If we add some extra storage (600GB of EBS), the cost increases to $155.52, as shown below:

$ infracost breakdown --path .
Name                                                 Monthly Qty Unit   Monthly Cost
├─ Instance usage (Linux/UNIX, on-demand, a1.medium)          730 hours        $18.62
├─ root_block_device
│ └─ Storage (general purpose SSD, gp2)                      100 GB           $10.00
└─ ebs_block_device[0]
  ├─ Storage (provisioned IOPS SSD, io1)                     600 GB           $75.00
  └─ Provisioned IOPS                                        800 IOPS         $52.00
OVERALL TOTAL                                                                  $155.62

Infracost can also calculate usage-based resources like AWS Lambda. Let’s see what happens when we swap the EC2 instance for serverless functions:

provider "aws" {
 region                      = "us-east-1"
 skip_credentials_validation = true
 skip_requesting_account_id  = true
resource "aws_lambda_function" "my_lambda" {
 function_name = "my_lambda"
 role          = "arn:aws:lambda:us-east-1:account-id:resource-id"
 handler       = "exports.test"
 runtime       = "nodejs12.x"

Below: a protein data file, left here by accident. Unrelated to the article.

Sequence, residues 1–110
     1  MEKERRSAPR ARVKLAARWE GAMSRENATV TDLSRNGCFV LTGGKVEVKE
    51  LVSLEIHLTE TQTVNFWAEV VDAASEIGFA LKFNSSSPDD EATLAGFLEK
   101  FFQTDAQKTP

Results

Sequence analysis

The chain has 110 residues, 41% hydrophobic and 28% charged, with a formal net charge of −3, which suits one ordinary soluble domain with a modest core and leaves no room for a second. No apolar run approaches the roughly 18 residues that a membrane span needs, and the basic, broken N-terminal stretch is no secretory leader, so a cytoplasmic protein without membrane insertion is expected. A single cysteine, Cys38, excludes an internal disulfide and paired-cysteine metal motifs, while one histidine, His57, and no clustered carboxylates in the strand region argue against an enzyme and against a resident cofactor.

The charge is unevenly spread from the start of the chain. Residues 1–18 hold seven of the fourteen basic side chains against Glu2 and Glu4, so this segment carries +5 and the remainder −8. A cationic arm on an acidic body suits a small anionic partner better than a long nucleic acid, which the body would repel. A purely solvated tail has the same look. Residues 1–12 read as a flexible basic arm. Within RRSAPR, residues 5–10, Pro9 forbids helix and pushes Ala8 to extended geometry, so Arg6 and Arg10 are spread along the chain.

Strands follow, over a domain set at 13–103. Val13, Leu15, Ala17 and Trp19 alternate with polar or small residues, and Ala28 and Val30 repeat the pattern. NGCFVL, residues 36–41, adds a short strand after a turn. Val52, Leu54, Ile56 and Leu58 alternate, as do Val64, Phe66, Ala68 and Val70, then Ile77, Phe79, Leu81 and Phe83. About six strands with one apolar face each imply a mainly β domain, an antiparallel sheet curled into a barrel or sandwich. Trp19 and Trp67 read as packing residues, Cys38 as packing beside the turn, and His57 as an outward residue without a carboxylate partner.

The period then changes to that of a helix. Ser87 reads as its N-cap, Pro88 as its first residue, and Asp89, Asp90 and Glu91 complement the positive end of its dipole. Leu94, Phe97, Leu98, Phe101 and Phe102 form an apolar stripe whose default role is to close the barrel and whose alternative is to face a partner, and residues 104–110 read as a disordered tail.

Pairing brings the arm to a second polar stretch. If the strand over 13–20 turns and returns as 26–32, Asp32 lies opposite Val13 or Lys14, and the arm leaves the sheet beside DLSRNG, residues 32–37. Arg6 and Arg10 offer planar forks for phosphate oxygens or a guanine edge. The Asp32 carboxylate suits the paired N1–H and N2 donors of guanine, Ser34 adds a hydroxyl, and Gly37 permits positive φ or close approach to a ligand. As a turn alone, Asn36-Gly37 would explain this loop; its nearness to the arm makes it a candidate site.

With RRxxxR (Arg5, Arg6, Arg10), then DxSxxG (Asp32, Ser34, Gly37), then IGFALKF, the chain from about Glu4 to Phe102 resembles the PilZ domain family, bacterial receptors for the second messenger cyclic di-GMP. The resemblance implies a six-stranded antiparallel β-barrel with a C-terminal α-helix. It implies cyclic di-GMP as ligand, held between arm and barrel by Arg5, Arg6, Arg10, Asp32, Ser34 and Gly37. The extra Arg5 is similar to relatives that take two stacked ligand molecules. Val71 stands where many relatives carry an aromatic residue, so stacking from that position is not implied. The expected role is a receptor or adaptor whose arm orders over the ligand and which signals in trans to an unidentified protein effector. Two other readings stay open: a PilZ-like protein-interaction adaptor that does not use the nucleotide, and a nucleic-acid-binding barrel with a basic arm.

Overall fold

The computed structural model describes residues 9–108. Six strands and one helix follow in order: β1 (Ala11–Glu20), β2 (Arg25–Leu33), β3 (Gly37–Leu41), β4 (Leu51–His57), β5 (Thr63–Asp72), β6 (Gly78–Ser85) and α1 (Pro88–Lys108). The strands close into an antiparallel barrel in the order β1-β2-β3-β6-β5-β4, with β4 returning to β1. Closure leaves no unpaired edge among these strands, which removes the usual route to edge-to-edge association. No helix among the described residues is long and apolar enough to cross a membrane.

memory_size   = 1024

Running infracost breakdown yields a total cost of 0 dollars:

$ infracost breakdown --path .
Name                                   Monthly Qty Unit                       Monthly Cost
├─ Requests                   Monthly cost depends on usage: $0.20 per 1M requests
└─ Duration                   Monthly cost depends on usage: $0.0000166667 per GB-seconds
OVERALL TOTAL                                                                          $0.00

That can’t be right unless no one uses our Lambda function, which is precisely what the tool assumes by default. We can fix this by providing an estimate via a usage file.

We can create a sample usage file with this command:

$ infracost breakdown --sync-usage-file --usage-file usage.yml --path .

We can now provide estimates by editing usage.yml. The following example consists of 5 million requests with an average runtime of 300 ms:

  monthly_requests: 5000000 
  request_duration_ms: 300 

We’ll tell Infracost to use the usage file with --usage-file to get a proper cost estimate:

$ infracost breakdown --path . --usage-file usage.yml
Name                           Monthly Qty Unit         Monthly Cost
├─ Requests                              5 1M requests         $1.00
└─ Duration                      1,500,000 GB-seconds         $25.00
OVERALL TOTAL                                                  $26.00

That’s much better. Of course, this is accurate as long as our usage file is correct. If you’re unsure, you can integrate Infracost with the cloud provider and pull the utilization metrics from the source.